6 tablespoons cornmeal
1 1/2 teaspoons baking powder

Set a medium skillet over medium heat and add the butter. When it’s melted, add the onion and a pinch of salt. Sauté for 10 to 15 minutes, stirring occasionally, until soft. Turn off the heat.

Add the garlic and mustard, and stir. Let cool while you tend to the rest of the recipe.

Heat the oven to 350° F. Butter a 9×9 inch baking dish (or other 1 1/2 quart–sized baking dish).

Combine the cream, buttermilk, eggs, 1 1/2 teaspoons salt, and hot sauce in a bowl or measuring cup. Whisk with a fork until smooth.

Combine the corn kernels, cheddar, cornmeal, and baking powder in another, larger bowl. Stir with a spoon or rubber spatula until combined.

Add the cooled onion mixture and stir. Add the liquid mixture and stir.

Pour into the prepared baking dish. Bake for about 45 minutes until the casserole has puffed up, is deeply browned along the edges, and browning on top. Cool for a few minutes before serving.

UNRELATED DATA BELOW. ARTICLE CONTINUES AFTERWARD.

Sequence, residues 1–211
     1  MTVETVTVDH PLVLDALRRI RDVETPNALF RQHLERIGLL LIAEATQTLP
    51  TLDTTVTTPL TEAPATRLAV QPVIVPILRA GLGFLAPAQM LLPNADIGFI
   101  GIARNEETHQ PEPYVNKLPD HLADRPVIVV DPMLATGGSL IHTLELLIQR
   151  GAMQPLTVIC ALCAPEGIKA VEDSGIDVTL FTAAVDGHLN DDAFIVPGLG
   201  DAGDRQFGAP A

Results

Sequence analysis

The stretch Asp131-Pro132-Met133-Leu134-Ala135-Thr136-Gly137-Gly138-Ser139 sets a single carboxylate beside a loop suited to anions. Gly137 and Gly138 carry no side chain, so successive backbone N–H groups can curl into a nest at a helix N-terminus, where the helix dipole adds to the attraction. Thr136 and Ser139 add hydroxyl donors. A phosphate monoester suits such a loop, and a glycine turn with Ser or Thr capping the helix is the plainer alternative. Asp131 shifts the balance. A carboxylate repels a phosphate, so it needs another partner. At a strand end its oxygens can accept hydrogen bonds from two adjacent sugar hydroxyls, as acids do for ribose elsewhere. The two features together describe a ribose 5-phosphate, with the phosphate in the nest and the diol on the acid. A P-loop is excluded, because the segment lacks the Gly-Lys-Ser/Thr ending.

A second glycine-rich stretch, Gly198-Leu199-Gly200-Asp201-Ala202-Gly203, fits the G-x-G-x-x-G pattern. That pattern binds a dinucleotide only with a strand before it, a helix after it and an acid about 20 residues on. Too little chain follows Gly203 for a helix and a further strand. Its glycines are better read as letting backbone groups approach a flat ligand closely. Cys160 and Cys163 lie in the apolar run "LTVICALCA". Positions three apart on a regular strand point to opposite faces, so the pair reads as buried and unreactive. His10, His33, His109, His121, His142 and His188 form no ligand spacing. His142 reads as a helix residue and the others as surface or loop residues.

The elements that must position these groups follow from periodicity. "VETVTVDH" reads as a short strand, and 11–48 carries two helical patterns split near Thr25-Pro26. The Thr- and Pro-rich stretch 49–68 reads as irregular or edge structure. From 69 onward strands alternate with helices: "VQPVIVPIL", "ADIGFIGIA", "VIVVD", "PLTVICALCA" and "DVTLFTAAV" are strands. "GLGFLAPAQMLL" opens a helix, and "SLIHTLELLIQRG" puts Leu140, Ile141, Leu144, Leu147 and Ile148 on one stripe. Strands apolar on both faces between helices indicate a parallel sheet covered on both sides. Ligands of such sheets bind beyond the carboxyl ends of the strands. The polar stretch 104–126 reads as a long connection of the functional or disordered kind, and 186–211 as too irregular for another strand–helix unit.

Thai Corn Salad

1 to 2 red Thai bird’s eye chiles (depending on your tolerance for heat), stemmed, seeded and cut into ½ -inch slices
4 cloves garlic, chopped
2 ounces green beans, cut into
1-inch pieces (3/4 cup)
2 tablespoons light brown sugar
2 tablespoons low-sodium soy sauce, or more as needed
1/4 cup fresh lime juice (from 2 or 3 limes)
2 medium tomatoes, cored and cut into 8 wedges each
3 medium carrots, coarsely grated
2 1/2 cups cooked corn kernels (from 3 cobs; see NOTE)
1 3/4 cups roasted, unsalted cashews

Combine the chiles (to taste) and garlic in a gallon zip-top bag and zip it almost all the way closed, leaving an inch or two unzipped. Use a rolling pin to pound the chiles and garlic through the plastic and form a rough paste. Add the beans and pound briefly to crush them a little. Add the brown sugar, soy sauce and lime juice.

Add the tomatoes and pound briefly, just to flatten them. Stir in the carrots and corn; pound gently, just to help the flavors incorporate. Taste, and add more soy sauce as needed.

Transfer to a serving bowl, top with the cashews and serve right away.